Location: Cereal Disease LabTitle: The Fusarium graminearum t-SNARE Sso2 is involved in growth, defense, and DON accumulation and virulence
|O'MARA, SEAN - University Of Minnesota|
|BOENISCH, MARIKE - University Of Minnesota|
|ZHONG, ZIXUA - University Of Minnesota|
|DONG, YANHONG - University Of Minnesota|
|Kistler, H - Corby|
Submitted to: Molecular Plant-Microbe Interactions
Publication Type: Peer Reviewed Journal
Publication Acceptance Date: 4/15/2020
Publication Date: 6/1/2020
Citation: O'Mara, S.P., Broz, K.L., Boenisch, M.J., Zhong, Z., Dong, Y., Kistler, H.C. 2020. The Fusarium graminearum t-SNARE Sso2 is involved in growth, defense, and DON accumulation and virulence. Molecular Plant-Microbe Interactions. https://doi.org/10.1094/MPMI-01-20-0012-R.
Interpretive Summary: By understanding the fundamental mechanisms by which fungi make and contaminate grain with mycotoxins, we may be able to develop novel control measures based on these essential processes. In this publication we describe two approaches by which the fungus, which causes head blight disease of wheat and barley, increases the concentration of mycotoxin contamination in grain infected by the fungus. These processes also may lead to resistance of the fungus to common agricultural fungicides. Our approach has the potential for long-term improvement and sustainability of U.S. agriculture by leading to the development of transgenic wheat and barley varieties with reduced DON content using the information generated here. Despite demonstrable progress, plant breeding approaches have not yet completely solved the FHB problem. Therefore, transgenic approaches may augment current strategies for long term improvement of small grain crops for FHB resistance and reduced mycotoxin content.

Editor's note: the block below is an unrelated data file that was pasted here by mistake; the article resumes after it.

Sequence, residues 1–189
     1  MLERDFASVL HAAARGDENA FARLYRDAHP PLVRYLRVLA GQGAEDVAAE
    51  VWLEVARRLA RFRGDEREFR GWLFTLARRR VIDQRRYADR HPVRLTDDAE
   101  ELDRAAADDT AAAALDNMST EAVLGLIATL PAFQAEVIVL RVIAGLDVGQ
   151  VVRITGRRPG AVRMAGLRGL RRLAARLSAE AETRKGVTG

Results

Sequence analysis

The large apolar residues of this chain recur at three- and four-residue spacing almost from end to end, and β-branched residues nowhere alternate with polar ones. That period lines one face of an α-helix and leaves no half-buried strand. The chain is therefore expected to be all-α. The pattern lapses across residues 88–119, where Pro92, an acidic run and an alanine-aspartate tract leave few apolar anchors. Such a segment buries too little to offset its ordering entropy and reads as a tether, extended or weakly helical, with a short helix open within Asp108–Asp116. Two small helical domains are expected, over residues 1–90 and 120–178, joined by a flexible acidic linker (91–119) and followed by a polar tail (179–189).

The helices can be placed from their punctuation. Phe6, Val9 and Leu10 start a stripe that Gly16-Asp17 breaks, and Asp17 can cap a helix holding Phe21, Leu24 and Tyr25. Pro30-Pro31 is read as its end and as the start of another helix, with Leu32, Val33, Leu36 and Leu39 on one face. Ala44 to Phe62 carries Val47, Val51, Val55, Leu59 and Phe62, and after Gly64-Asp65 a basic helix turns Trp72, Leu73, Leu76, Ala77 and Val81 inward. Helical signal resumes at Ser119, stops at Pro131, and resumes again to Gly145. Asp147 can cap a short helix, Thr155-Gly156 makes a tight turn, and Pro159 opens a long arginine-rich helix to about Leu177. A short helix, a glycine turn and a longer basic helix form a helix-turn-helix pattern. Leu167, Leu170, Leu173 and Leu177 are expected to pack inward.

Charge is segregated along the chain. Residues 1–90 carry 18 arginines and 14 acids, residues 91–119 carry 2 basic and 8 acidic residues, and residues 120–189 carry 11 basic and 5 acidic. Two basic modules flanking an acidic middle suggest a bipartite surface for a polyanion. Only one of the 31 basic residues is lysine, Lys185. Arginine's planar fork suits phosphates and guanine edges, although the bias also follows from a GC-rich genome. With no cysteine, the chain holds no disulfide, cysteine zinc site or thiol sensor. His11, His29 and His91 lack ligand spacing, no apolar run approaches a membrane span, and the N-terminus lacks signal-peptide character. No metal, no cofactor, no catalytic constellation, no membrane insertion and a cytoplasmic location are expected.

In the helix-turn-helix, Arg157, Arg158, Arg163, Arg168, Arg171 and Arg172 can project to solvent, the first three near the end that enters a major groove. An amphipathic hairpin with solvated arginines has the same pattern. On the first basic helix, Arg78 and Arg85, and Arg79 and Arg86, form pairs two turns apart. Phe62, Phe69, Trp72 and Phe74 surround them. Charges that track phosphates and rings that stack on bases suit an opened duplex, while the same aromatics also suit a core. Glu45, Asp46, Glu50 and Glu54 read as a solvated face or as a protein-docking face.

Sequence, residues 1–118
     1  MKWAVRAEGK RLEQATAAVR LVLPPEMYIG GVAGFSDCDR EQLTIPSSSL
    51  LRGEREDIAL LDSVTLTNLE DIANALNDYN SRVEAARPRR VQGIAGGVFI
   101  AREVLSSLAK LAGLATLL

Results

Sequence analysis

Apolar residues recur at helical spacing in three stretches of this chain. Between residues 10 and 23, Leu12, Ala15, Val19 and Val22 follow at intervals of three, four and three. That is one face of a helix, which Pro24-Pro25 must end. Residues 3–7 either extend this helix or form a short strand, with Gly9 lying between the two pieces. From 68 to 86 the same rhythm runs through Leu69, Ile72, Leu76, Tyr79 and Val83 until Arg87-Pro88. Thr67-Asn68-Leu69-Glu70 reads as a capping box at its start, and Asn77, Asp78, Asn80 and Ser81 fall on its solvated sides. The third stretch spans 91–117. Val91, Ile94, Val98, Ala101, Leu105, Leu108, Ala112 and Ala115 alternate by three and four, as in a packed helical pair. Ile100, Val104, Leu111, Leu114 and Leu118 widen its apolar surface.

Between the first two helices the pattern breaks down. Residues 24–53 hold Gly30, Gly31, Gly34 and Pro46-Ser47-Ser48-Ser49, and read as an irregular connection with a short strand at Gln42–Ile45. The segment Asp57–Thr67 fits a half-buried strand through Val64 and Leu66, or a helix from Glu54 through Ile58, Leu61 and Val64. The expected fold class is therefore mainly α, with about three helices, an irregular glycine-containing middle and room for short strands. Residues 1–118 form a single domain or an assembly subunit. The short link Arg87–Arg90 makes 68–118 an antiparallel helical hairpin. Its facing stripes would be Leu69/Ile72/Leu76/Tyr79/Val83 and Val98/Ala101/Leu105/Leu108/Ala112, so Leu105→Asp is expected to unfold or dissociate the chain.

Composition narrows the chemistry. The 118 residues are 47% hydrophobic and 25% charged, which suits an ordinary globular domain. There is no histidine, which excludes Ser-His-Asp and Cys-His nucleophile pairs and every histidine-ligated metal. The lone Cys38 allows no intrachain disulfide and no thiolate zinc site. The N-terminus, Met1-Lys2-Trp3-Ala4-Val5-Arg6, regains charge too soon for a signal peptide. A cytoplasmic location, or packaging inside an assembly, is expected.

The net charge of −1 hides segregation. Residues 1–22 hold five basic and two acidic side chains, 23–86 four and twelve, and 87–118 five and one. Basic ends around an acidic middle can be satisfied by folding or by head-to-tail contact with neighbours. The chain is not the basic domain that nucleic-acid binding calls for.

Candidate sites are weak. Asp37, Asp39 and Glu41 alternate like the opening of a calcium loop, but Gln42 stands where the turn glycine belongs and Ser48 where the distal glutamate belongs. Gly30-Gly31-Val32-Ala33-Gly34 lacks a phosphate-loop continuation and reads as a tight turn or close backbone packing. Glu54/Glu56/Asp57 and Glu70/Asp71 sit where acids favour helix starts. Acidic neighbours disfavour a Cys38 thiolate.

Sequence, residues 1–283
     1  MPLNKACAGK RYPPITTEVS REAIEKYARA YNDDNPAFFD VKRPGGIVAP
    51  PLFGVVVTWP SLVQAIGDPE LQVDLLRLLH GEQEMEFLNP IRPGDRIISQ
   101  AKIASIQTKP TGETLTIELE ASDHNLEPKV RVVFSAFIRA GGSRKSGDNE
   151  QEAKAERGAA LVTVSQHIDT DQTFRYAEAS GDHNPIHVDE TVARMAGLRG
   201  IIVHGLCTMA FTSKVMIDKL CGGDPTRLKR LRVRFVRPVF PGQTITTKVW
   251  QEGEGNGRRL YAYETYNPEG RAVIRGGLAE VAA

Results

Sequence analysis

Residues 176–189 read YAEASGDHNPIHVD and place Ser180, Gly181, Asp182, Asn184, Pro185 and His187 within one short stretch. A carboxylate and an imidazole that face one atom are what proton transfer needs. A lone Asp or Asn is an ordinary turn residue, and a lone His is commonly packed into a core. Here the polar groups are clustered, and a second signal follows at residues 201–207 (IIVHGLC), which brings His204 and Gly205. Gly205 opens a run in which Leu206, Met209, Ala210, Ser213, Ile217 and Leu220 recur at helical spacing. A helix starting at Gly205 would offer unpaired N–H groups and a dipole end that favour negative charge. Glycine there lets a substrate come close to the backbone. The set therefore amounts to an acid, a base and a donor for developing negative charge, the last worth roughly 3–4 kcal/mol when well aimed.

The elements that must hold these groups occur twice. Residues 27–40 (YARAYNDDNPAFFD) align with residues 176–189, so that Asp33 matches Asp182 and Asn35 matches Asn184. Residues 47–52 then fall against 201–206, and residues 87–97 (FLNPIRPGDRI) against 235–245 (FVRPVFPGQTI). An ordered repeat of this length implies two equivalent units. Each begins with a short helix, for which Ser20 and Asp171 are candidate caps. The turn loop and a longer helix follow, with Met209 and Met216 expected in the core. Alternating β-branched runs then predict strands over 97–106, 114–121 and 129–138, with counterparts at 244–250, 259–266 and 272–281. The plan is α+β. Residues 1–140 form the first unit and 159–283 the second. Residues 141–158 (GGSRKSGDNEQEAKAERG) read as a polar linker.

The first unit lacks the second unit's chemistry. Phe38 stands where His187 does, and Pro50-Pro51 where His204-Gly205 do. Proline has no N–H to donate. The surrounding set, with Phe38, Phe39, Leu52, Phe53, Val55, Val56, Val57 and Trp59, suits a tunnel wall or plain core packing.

Technical Abstract: The plant pathogenic fungus Fusarium graminearum, causal agent of Fusarium Head Blight (FHB) disease on small grain cereals, produces toxic trichothecenes which require facilitated export for full virulence. Two potential modes of mycotoxin transport are membrane-bound transporters, which move toxins across cellular membranes, and SNARE mediated vesicular transport, by which toxins may be packaged as cargo in vesicles bound for organelles or the plasma membrane. In this study we show that deletion of a gene (Sso2) for a subapically localized t-SNARE protein results in growth alteration, increased sensitivity to xenobiotics, altered gene expression profiles, and reduced deoxynivalenol (DON) accumulation in vitro and in planta as well as reduced FHB symptoms on wheat. A double deletion mutant generated by crossing the 'sso2 deletion mutant with an ABC transporter deletion mutant ('abc1) resulted in an additive reduction in DON accumulation and almost complete loss of FHB symptoms in planta. These results suggest an important role of Sso2-mediated subapical exocytosis in FHB progression and xenobiotic defense and are the first report of an additive reduction in F. graminearum DON accumulation upon deletion of two distinct modes of cellular export. This research provides useful information which may aid in formulating novel management plans of FHB or other destructive plant diseases.